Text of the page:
CSM’s are proactively managing customers to success, the product is intuitive and easy to use and the customer has a plethora of self-service tools to aid them along in their journey.
An organization will still receive incoming support requests (they will just be more specific to the customer’s business use cases which is a good thing).
To support these inquiries and meet the service level agreements (SLAs) set out in the contract, an organization needs to create a support queue and handle requests via a pool of resources.
Mathematical queuing theory (and I promise this is the only time I will reference mathematical theory) states that on average all customers will be served faster if there is one line (i.e. a support queue), then if there are multiple lines (i.e. dedicated resources for each customer).
In other words, the quickest way for customers to get serviced is to have all requests go into a single queue that support works on (and then for the rep to own a case until completion).
It also ensures that a company can meet their contractual commitments.
Consider Specialist Resources
Depending on the complexity of the product or the industry the product serves, it may make sense to have specialist resources.
These are subject matter experts that have a more detailed level of expertise and knowledge around certain areas of the product or with the industry.
These individuals serve as advisors to all of support for assistance with more complex inquiries or to work directly with the customer on an ad-hoc basis depending on the specific case.
Specialist resources allows support to handle the higher complexity cases, that naturally take longer, more efficiently.
Align Premier Support Resources to Segmentation Model
Once support is organized to efficiently service customers through proactive management, an intuitive product, self-service tools and a highly efficient support queue that calls on the help of subject matter experts when required, then it makes sense to look at dedicating resources to certain accounts.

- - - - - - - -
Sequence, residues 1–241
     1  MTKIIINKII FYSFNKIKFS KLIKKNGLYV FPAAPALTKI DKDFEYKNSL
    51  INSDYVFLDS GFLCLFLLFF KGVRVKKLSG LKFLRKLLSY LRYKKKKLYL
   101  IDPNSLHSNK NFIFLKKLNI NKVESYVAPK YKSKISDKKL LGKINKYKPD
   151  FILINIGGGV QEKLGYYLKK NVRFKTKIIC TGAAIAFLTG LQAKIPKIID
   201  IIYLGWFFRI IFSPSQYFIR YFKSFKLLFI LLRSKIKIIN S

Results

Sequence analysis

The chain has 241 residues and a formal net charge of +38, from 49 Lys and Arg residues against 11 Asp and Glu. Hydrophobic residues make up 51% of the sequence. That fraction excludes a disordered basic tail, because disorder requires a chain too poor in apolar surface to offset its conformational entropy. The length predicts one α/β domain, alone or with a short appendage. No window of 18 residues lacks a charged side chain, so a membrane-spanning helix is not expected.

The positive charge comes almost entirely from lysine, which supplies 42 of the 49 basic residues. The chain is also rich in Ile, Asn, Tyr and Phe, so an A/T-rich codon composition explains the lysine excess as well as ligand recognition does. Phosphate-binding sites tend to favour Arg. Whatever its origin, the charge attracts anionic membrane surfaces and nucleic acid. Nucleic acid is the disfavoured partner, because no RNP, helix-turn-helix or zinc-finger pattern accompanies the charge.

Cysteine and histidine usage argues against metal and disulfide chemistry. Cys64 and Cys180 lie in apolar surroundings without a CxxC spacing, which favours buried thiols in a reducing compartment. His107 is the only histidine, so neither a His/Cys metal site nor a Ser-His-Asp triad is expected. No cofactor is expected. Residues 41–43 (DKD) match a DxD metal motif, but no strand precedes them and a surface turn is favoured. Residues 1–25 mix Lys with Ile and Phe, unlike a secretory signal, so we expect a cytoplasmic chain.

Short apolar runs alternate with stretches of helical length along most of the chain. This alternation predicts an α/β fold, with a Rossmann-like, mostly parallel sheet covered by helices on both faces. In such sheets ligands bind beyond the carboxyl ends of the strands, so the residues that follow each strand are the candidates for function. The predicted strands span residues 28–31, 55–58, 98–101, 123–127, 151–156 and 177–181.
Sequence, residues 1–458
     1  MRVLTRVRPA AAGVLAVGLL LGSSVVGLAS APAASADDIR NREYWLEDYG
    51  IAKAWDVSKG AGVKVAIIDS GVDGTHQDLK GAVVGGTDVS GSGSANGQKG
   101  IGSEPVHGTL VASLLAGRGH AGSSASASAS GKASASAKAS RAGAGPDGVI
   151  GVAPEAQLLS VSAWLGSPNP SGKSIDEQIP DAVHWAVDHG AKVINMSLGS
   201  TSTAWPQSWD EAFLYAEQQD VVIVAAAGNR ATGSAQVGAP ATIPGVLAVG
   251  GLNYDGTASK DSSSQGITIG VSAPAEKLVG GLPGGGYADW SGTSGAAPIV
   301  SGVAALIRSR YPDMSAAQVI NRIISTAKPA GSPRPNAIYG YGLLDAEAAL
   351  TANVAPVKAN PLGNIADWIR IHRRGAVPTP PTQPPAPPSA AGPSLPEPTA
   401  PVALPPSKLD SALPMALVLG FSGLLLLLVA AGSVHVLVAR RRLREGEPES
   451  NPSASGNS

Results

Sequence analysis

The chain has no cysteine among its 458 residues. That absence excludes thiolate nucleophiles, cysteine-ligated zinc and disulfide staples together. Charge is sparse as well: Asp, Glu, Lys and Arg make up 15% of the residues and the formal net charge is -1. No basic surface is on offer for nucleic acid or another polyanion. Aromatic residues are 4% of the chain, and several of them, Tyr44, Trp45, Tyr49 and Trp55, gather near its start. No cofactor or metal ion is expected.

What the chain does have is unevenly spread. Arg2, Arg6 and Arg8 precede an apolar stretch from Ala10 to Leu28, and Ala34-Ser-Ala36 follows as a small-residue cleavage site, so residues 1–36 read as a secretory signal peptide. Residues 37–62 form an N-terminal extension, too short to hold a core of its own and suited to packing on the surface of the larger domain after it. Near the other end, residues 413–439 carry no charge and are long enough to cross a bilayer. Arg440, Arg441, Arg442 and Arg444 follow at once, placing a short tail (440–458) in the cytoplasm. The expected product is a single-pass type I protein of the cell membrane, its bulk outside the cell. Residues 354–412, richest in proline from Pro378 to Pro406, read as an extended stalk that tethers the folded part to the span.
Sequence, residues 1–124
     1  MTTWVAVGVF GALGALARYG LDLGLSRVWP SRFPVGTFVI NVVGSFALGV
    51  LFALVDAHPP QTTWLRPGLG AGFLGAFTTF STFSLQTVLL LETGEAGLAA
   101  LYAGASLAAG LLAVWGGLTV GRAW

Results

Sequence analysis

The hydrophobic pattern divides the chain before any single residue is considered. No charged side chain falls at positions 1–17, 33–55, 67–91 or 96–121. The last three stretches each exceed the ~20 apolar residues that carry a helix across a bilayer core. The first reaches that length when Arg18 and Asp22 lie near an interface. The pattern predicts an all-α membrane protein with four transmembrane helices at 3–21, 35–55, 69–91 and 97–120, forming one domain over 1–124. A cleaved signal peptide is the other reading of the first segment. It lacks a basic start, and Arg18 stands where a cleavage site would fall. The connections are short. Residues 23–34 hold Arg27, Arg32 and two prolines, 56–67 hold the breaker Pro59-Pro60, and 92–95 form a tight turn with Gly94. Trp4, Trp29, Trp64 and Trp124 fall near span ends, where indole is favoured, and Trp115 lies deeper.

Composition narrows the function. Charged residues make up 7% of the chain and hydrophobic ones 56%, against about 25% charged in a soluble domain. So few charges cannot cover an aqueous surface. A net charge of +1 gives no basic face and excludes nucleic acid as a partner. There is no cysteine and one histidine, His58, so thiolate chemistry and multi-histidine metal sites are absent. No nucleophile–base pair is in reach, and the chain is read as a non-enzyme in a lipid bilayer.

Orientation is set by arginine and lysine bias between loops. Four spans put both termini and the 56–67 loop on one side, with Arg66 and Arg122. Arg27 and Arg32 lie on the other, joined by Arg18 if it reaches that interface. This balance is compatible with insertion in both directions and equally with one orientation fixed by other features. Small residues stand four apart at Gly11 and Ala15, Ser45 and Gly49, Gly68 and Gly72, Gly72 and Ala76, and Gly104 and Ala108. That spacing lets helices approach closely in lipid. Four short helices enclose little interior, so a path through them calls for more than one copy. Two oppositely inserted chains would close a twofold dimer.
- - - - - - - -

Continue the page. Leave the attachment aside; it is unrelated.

For this, a segmentation model founded on the understanding of how customers adopt the technology is required.
Once the adoption needs are understood and the corresponding segmentation model is created, the skills required to support customers through the journey can be understood.
With this comprehension in hand, a premier support model that allocates the appropriate resources to the accounts calling for the assistance can be determined.
Premier support models are an effective way to drive adoption and retention with accounts that have more complex onboarding and usage needs and that require a persistent and more in-depth knowledge of the account.
Before making (possibly independent) organizational changes to support, look at the bigger context of the customer journey and how your organization is driving adoption.
With that context in mind, ensure that all the fundamentals are in place to make the customer journey as seamless as possible first, then review how support should be structured accordingly to best assist all customers efficiently and offer additional, premier services for those customers that require a dedicated level of assistance.